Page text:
Veo Robotics takes data from multiple sensors to make industrial robots more collaborative, adding value and flexibility to human-machine collaboration in manufacturing.
Collaborative robot arms promise to help small and midsize enterprises by working alongside people more safely than traditional industrial automation, but there are tradeoffs. Cobots are smaller, slower, and less precise. Veo Robotics Inc. says it is “bringing perception and intelligence to industrial robots.”
Waltham, Mass.-based Veo Robotics adds multiple cameras and sensors to a workcell. It combines 3D sensing through lidar with computer vision and artificial intelligence so that larger robots can slow or stop around people but otherwise operate at full speed.
“Of 2.5 million industrial robots, only 13% are cobots,” said Patrick Sobalvarro, president and CEO of Veo Robotics.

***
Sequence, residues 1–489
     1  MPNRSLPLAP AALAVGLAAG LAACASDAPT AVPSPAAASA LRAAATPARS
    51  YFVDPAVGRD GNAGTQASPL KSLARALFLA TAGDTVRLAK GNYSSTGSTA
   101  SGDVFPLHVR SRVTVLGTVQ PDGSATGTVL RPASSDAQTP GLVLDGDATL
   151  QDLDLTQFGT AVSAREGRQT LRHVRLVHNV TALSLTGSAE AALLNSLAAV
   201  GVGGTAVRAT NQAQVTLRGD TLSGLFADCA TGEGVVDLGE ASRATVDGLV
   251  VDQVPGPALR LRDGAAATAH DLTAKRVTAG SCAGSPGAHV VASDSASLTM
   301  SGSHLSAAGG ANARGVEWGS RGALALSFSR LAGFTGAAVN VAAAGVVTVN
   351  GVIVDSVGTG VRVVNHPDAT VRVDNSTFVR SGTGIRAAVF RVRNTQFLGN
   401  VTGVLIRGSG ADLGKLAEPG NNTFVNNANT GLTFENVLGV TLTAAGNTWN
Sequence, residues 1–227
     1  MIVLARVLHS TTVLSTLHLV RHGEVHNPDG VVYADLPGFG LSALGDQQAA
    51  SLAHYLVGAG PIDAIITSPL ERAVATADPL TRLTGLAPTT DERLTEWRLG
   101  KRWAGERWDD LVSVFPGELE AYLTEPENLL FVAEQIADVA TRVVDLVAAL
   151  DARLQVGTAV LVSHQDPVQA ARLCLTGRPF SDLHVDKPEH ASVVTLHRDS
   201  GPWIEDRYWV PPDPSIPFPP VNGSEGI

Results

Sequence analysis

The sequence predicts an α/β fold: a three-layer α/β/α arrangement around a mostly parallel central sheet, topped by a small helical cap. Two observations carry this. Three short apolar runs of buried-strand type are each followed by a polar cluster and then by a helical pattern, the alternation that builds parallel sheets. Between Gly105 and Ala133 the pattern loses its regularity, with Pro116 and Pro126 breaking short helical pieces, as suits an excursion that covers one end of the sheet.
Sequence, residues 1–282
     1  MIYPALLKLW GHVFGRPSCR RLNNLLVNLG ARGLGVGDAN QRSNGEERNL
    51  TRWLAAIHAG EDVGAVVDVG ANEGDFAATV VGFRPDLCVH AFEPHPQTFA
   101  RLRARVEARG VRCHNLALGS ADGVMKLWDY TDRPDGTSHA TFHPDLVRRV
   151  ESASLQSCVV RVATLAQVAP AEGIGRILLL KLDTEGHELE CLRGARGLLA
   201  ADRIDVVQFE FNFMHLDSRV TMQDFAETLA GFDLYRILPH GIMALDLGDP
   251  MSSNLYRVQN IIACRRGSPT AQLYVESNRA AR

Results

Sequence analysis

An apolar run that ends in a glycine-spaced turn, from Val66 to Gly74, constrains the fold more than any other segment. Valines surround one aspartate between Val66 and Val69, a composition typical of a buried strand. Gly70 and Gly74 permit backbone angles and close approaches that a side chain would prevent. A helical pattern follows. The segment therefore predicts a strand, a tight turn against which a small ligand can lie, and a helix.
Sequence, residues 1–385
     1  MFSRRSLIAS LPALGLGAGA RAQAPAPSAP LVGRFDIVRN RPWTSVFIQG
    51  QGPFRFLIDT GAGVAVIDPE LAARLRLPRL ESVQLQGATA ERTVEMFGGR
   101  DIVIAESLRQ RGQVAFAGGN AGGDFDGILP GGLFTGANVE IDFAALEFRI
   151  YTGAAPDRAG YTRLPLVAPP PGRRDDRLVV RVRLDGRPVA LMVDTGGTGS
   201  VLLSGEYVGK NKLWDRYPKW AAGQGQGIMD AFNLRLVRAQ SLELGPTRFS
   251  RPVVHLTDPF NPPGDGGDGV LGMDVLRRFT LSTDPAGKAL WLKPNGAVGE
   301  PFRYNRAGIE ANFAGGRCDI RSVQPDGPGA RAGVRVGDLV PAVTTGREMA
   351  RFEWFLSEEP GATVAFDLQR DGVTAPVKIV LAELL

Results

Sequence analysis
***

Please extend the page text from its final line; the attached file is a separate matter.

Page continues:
“Robots aren’t good at judgment, dexterity, or general sensing, whereas humans are really excellent at that sort of thing,” he told Robotics Business Review during a recent site visit. “What you want is the best of both worlds.”
“Since I had worked at a computer vision company that tracked people, I thought, ‘Why not track the people and have them work together with these big robots?’” Sobalvarro recalled. “When I learned that sensor technology had come along enough to do this sort of thing, I went to Siemens Venture Capital as their first entrepreneur in residence.”
Veo Robotics raised $12 million in a Series A round last year. It was named a company to watch in the 2018 RBR50 report, a promising startup by CNBC, and one of “50 startups to watch” by Built in Boston.
Adding value with humans and robots
“Often in manufacturing, what you’re thinking about is, ‘What is the added value of a process step?’” said Sobalvarro. “So when you make something like a washing machine or a car, you’re bringing things together.”
“Anything you do in a factory that doesn’t actually lead to a transformation of the materials that go into producing the finished part, that can be seen as overhead or maybe even waste,” he said. “That might be moving things around or changing tools. So robots can take care of non-value-added tasks that are nonetheless necessary.”